Quibb's Design Process
While working on Quibb, my partner, Cathrine and I practiced pair designing. Pair designing allowed us to leverage both of our experiences and perspectives as designers and collaborate to develop good design. We were able to establish shared ownership over the project and avoid mixing and matching two separate work flows, which led to a more coherent design narrative and cohesive solution.
We began our pair designing by developing a persona.
Through discussion with our client and some inform interviews with Quibb users, we started by creating a persona to better understand who we were designing for. We returned to our persona throughout our process and made sure that the user was at the center of the design process.
We conducted a brief comparative analysis, looking at other tech news mobile apps such as TechCrunch, Venture Beat, LinkedIn and other in-direct competitors such as Twitter to understand how competitors in the space were currently addressing similar design opportunities.
Next, we conducted some preliminary user testing to get an understanding of how users currently interacted with the Quibb app and the major pain points they encountered when using it. With a brief discussion guide, we created scenarios for users as they tried to accomplish various tasks.
From our testing, we found that users had issues understanding how to comment on articles, follow other users within the app, and were confused when they tried to share links.
We then moved on to a web/mobile app feature assessment to better understand the current app and its functionality. When discussing our goals with the client, one of the requests was to create better web and mobile parity. We needed to first assess the differences in feature set between web and mobile to come up with the best strategy to determine new features for the mobile app going forward. Below, we mapped out the current features of the mobile app in green and those that existed only on the web in red.
From our feature assessment and usability testing, we decided to scope out design for three additional features. We would create a new way for users to follow other users, add a sharing capability, and add multiple feeds, like on the web app. We would also improve commenting.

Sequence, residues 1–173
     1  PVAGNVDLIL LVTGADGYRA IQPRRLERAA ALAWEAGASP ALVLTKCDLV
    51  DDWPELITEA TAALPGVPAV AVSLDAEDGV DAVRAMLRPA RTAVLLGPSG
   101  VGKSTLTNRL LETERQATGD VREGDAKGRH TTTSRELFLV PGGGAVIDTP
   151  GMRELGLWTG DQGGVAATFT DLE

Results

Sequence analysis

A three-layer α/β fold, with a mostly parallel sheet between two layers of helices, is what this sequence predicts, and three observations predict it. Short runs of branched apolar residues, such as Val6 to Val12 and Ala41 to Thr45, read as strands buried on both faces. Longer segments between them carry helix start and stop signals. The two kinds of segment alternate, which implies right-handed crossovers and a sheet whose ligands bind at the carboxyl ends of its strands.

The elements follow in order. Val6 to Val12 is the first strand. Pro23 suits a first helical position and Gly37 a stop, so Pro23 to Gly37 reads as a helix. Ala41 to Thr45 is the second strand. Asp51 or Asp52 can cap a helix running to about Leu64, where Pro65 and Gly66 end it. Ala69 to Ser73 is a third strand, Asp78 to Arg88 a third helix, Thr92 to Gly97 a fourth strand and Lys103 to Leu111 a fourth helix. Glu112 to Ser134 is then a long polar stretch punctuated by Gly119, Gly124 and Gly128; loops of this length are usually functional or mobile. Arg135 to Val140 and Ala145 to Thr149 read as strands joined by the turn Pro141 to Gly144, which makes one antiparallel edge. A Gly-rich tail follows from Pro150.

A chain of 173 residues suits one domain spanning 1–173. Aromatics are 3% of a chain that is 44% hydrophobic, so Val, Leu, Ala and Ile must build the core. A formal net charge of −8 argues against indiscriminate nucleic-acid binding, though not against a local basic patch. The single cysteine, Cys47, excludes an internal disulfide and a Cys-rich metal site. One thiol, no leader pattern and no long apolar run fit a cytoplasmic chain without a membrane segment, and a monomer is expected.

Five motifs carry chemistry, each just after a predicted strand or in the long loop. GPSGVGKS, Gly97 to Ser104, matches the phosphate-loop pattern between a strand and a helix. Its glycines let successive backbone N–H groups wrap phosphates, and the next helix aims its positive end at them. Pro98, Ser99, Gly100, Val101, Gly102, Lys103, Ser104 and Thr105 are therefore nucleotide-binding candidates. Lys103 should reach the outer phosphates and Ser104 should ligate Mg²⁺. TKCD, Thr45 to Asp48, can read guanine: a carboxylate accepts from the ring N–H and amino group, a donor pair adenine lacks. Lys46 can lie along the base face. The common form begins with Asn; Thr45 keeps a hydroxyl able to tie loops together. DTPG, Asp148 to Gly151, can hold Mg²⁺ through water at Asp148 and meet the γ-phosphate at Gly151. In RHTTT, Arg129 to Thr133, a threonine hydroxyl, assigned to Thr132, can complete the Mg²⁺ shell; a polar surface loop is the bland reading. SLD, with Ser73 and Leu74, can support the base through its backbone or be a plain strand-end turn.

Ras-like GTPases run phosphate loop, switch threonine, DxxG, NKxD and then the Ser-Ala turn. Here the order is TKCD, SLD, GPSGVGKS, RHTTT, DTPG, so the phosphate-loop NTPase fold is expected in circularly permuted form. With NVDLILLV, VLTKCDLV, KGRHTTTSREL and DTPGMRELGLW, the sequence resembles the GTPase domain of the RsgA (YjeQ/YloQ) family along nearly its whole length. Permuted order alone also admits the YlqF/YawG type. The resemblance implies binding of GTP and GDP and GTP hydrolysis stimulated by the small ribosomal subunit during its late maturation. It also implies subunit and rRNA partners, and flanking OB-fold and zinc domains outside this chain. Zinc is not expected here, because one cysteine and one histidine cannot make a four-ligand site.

Task flows help to visualize the process a user would experience as they walked through the new interaction model and also identifies specific edge and corner cases that a user might encounter. We then mapped out three specific flows for: following a user, commenting on an article, and sharing news outside of Quibb.
My partner and I diverged and created our own UI sketches, experimenting visually with different designs and interaction patterns. We chose to start with low fidelity sketches to get out our ideas quickly and efficiently and critique different designs without getting hung up on higher-fidelity details. Below are some selected sketches of mine.
Next, we moved into wireframes to visualize how our design concepts would look and feel within the perimeters of the mobile UI. We mocked up the different flows and began to examine the interaction design. Below are some of the initial wireframes we shared with our client.
Finally, we took our final wireframe mockups and created an interactive prototype using InVision. Prototyping allowed us to examine our interactions more holistically and also do some guerrilla usability testing with users.
Intentionally foregoing a final design polish, our objective was to test the usability and fundamental user experience as a user moved through the app without the distractions of a visual design element. From our testing, we were able to make quick iterations to make a better final user experience.